Pick your stars of this game, and it begins with Howie Kendrick who started the scoring in the first inning with a 3-run blast on his way to a 4 RBI game in this 6-0 shutout behind 7.0 strong innings by Patrick Corbin who had no-hit stuff tonight. Corbin had 8 strikeouts and yielded only 3-hits, and the defense behind him turned two nifty doubleplays including a Web Gem by Anthony Rendon. It was Corbin who shutdown the best offensive team in the league in this “must win” game against the Dodgers who own the best record in the National League.
Manager Dave Martinez went to Kyle Barraclough in the 8th inning and Sean Doolittle for a 4-out appearance to close this win out. On this night, all of the mistakes were made by the Dodgers who could not turn two tailor-made doubleplays that cost them 2-runs plus they had 3 charged errors.
The Nationals put their lead-off men on base in the first three innings, and the game opened with a hustle double by Adam Eaton who would later score on Howie Kendrick‘s three run homer. The Nationals had 9-hits in the game, and Anthony Rendon had two of those hits which were his first since that hit by pitch back in April that landed him on the 10-day IL. Even Michael Taylor had two hits in the game, and Brian Dozier almost got above the Mendoza line.
This game belonged to Patrick Corbin who worked a plan where he combined some Gio into his “plan” as he identified Cody Bellinger as a player he would nibble on — and if he walks — he walks. The lefty all-star would not give in to the hottest hitter in baseball, and he walked him twice. Mission accomplished. Bellinger did not drive in a run or score a run.
“I still think we’re a very good ballclub,” Corbin said. “Things are going to turn around, for sure. The guys in here are too good for us to keep losing. … I still think we’re the best team in our division, we just haven’t played like it.”
In recent history, Corbin has had ownage of the Dodgers. Analytically, he is the guy you would want in a Game #1 of a postseason given his history against these Dodgers due to his 0.59 ERA over his last 5 starts against them yielding only 2 earnies over 30 1/3 innings pitched and a K/9 of 1.29.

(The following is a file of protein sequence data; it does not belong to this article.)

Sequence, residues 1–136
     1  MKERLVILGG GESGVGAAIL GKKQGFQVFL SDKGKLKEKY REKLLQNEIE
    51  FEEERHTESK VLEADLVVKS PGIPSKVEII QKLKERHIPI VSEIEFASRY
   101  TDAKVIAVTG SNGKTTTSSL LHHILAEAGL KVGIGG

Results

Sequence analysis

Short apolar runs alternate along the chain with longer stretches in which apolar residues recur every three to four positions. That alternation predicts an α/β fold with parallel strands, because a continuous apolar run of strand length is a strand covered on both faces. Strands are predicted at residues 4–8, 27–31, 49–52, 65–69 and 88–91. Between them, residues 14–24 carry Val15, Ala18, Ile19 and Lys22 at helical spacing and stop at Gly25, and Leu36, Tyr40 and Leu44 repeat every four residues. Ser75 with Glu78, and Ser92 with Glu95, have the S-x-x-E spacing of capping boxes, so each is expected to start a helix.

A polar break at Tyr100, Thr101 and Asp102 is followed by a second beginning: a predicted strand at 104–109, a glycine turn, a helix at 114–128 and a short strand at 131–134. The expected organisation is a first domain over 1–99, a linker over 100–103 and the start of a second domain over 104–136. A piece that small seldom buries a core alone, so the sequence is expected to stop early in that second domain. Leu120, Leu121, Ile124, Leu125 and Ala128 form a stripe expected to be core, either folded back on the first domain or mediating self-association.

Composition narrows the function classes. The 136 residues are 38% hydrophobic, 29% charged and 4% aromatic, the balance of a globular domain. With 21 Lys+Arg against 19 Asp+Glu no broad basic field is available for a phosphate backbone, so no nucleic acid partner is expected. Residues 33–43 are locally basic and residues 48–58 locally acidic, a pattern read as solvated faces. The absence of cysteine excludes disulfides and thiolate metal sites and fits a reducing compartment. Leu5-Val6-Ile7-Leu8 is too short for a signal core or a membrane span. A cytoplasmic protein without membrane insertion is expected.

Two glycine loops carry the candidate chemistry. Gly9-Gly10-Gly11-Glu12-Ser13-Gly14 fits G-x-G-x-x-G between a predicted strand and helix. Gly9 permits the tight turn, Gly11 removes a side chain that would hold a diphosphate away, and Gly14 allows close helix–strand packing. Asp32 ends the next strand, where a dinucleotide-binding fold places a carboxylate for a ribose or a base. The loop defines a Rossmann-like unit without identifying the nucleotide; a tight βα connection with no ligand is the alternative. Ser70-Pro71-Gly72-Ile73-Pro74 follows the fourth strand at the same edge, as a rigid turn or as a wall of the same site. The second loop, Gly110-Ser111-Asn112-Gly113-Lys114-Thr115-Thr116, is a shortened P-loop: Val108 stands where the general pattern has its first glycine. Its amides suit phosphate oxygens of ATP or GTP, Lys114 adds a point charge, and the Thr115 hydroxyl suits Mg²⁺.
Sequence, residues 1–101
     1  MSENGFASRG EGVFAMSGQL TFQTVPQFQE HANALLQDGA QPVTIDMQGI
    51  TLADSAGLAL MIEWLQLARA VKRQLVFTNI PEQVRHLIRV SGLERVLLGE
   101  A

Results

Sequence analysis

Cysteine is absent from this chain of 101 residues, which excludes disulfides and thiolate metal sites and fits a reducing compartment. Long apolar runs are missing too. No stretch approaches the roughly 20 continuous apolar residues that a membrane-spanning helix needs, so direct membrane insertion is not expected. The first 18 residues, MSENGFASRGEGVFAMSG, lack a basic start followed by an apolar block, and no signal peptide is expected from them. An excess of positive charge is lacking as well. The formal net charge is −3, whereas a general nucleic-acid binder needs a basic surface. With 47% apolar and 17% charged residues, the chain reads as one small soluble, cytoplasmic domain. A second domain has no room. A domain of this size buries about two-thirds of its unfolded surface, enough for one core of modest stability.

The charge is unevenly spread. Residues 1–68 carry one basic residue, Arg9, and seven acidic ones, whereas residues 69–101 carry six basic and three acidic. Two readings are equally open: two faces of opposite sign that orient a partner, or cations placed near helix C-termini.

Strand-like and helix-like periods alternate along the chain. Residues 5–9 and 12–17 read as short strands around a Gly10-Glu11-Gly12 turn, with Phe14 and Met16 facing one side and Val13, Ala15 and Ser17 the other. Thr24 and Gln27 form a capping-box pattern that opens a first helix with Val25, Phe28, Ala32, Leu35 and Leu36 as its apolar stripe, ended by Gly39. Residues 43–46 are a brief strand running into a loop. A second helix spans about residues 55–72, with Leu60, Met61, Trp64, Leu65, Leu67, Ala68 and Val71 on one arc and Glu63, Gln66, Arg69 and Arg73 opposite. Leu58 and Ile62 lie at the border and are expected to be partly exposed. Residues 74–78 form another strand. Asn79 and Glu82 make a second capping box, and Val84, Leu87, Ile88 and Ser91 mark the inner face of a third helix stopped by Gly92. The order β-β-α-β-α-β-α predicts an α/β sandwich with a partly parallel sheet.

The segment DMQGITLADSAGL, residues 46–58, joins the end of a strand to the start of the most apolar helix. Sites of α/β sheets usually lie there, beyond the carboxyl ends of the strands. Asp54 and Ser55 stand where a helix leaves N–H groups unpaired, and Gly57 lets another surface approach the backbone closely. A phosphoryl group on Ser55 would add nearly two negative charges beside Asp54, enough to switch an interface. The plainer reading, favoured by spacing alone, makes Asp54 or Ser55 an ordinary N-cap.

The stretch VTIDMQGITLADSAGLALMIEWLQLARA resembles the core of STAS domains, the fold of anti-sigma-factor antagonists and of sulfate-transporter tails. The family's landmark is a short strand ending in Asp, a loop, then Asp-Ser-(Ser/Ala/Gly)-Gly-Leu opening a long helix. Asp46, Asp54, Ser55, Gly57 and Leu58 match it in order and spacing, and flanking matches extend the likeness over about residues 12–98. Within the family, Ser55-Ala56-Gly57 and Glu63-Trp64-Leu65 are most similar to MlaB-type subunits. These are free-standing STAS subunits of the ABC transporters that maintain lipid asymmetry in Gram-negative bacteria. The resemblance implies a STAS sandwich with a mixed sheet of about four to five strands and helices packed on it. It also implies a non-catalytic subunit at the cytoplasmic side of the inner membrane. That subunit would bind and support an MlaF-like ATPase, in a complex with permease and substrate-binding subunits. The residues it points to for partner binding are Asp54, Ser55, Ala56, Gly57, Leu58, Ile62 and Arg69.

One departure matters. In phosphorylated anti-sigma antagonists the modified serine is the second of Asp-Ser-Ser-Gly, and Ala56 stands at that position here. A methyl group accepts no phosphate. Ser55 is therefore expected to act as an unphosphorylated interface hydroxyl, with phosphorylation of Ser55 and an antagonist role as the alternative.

Of note, newly minted pitching coach, Paul Menhart, was strategic in his mound visits to give Patrick Corbin a breather at one point and at another came out to give Kyle Barraclough a scouting report on pinch-hitter Alex Verdugo which worked out well. Barraclough pounded Verdugo outside and low in the zone which was his weakest part of the zone. It was a six-pitch battle that Barraclough won as Verdugo pulled a very low outside pitch weakly to second base for an easy out and the second out of the 8th inning. With Doolittle warmed, his manager brought him in to face Max Muncy and Doo struck him out on 3 quick pitches to end the inning.
On the season, this is only the second win in an opening game of a series in a dozen sets overall. The energy level felt different from the first at-bat of this game. There was this sense that the team had a “team only” meeting away from prying eyes we were told by a source it did happen in Milwaukee. While no media member specifically asked if there was a team-only meeting, it was hinted at in the postgame media session in which Martinez admitted he had not been sleeping much. No matter what you think of Martinez professionally, at the end of the day he is still a person, and the weight of the world sometimes seems to be on his shoulders. It was fairly obvious that some type of message was given to the players, and the energy level and attention to detail felt different.
“We had our conversations. They get it,” Martinez said. “We all want to win and they want to win. Today was a testament that, hey, they’re not going to give up. I want them to go out and enjoy the victory tonight and get ready to play tomorrow.”
With Anibal Sanchez on the mound Friday night, we will see if he can “up” his energy level and keep this going.